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OK I'll play...

The CEI comment was predicated on losing traffic lanes, and thereby increasing congestion. Although I am not sure, the 15th street cycleway removed parking, and therefore is not subject to the comment.

The comment seems to define congestion as reduced speed and is therefore equivalent to traffic calming. Whether this is good or not, depends on what one views as the appropriate speed. The conclusion is almost tautological. Traffic calming just sounds nicer than congestion.

In fact, the cited studies show that the average speed on the road decreased. After all, speeding was reduced dramatically. In order for average speed to remain constant, slower drivers would have had to speed up with the bike lanes.

This is corroborated by the data. The median speed on 15th Street fell from 28 to 22 mph. The sampling technique used by the NYC DOT is unlikely to measure true average speed as it is unlikely that a DOT employee would flagrantly speed (regardless whether the speed limits were appropriate :) )as the average civilian might do.

I agree that the emissions effect is unclear and the emergency response comment inappropriate if the bike lane is not physically separated from traffic lanes.

Headline: "Man Employed To Be Wrong by Organization Funded to Manufacture 'Wrongness' Wrong."


The strange thing is you see the "emissions" argument everywhere, and from what I can tell, it's utter horseshit. There's no evidence whatsoever that reduced traffic throughput causes an appreciable increase in emissions--other than an appeal to "common sense."

And, yeah, the "OMG PPLE ARE DIIEING!!1" argument is just embarrassing. Although, I would not that someone capable of embarrassment would not be working for the CEI in the first place.

Mark, the 15th Street cycleway also removed a lane of traffic.

The comment seems to define congestion as reduced speed But that isn't what congestion is. If the speed limit on a country road with 5 cars an hour is reduced, speed would go down, but that wouldn't be traffic congestion.

Mark, I guess it depends on how NYC DOT measured the travel time. Did they drive a car on the route and then measure that, or did they watch cars as they entered the study area and as they left and measure that time. Because the latter would adjust for the problem.

It is entirely possible for the average speed to go down and the average travel time to remain constant if there is less dwell time. Gunning it to a red light and sitting for 30 seconds and travelling at a slower speed to catch the light just as it turns green has drivers going at different speeds but similar travel times.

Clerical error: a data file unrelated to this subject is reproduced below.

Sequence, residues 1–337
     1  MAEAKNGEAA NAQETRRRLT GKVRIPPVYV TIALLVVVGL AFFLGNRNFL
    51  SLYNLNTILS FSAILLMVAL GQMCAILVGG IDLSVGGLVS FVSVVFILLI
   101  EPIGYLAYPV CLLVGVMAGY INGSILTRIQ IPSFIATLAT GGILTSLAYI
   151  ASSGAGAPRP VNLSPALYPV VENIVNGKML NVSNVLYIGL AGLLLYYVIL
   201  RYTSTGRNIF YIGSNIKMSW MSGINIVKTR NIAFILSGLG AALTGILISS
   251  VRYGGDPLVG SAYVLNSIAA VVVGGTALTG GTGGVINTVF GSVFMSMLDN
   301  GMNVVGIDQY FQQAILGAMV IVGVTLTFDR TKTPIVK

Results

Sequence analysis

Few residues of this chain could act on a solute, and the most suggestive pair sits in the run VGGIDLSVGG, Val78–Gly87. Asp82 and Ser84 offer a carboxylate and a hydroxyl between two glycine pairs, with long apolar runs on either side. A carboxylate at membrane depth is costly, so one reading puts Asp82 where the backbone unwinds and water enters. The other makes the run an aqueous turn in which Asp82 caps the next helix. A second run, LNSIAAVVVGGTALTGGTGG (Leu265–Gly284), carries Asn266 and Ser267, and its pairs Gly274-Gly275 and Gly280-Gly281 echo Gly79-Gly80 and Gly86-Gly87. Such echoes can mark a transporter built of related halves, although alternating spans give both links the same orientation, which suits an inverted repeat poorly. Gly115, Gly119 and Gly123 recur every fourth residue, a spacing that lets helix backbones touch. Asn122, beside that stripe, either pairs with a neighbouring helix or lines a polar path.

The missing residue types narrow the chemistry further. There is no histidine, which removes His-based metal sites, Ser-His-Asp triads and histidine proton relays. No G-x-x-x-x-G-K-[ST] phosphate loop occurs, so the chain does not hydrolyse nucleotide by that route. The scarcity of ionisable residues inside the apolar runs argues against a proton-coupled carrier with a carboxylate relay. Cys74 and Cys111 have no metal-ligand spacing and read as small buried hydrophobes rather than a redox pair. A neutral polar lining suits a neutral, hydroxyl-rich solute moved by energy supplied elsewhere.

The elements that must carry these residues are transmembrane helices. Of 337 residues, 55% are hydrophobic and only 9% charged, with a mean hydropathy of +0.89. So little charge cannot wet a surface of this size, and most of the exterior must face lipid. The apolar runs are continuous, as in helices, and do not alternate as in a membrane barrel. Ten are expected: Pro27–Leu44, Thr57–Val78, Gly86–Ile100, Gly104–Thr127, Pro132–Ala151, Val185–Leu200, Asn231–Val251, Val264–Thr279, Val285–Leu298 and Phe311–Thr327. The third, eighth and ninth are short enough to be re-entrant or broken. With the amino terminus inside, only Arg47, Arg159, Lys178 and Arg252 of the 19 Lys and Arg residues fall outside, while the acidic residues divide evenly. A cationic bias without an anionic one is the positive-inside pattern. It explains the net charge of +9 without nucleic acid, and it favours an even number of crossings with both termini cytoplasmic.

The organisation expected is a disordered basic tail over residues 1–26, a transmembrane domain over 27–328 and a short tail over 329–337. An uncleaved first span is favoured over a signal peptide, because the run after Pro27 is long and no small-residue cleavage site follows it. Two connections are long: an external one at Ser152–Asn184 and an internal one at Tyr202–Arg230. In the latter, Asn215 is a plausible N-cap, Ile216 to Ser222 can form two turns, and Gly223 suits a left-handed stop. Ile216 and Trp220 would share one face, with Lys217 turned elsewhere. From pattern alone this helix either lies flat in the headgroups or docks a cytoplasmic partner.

I always thought that congestion was gunk in the system that slows things down. Our difference in definitions is that you require that gunk to be cars. Further, I note the commenter uses the weasel word "often" to modify the occurrence of congestion, which could mean anything.

(I doubt that posting a lower speed limit, without the addition of cops would change actual speed on a lightly used rural road.)

As to NYC DOT methodology, I would think they actually drove to get travel times (or maybe used records from city vehicles with appropriately-programmed GPS units). The times are sufficiently long and distances far enough suggesting that the only alternative way to measure transit time would be to use synchronized video cameras at both ends and matched cars entering and exiting the study area. This also takes into account vehicles that turn out of the study area.

As to the mathematics of average speed, this depends on whether one is measuring speed over the entire study area, which includes the dwell times, or at a particular point. While it is certainly possible that bike lanes lower the incidence of speeding at particular points, but does not reduce overall average speed over longer distance, this begs the question of why bike lanes stop the seemingly irrational behavior of drivers speeding just so they can get stopped by the next red light.

On the emissions argument, I imagine the reason that you don't see evidence on the effects of congestion is that it is very difficult or costly to measure. One can measure a emission/speed curve (or fuel consumption curve) for a particular car, but it would be expensive to conduct fuel consumption/congestion curves for a fleet of cars under controlled scenarios. Furthermore, I don't believe the technology is available to directly measure emission levels in areas of congestion versus elsewhere.

I require the gunk to be other vehicles. I don't count, for example, roadside trees that psychologically encourage drivers to slow down. Or, in this case, a narrower road, which also encourages drivers to slow down.

If you follow the links, it turns out they did actually drive to get the travel times. Which still only means that the road is harder to speed on.

I think the speeds are measured in certain locations, but the travel times are done over the entire length (and that's what I mean by average speed).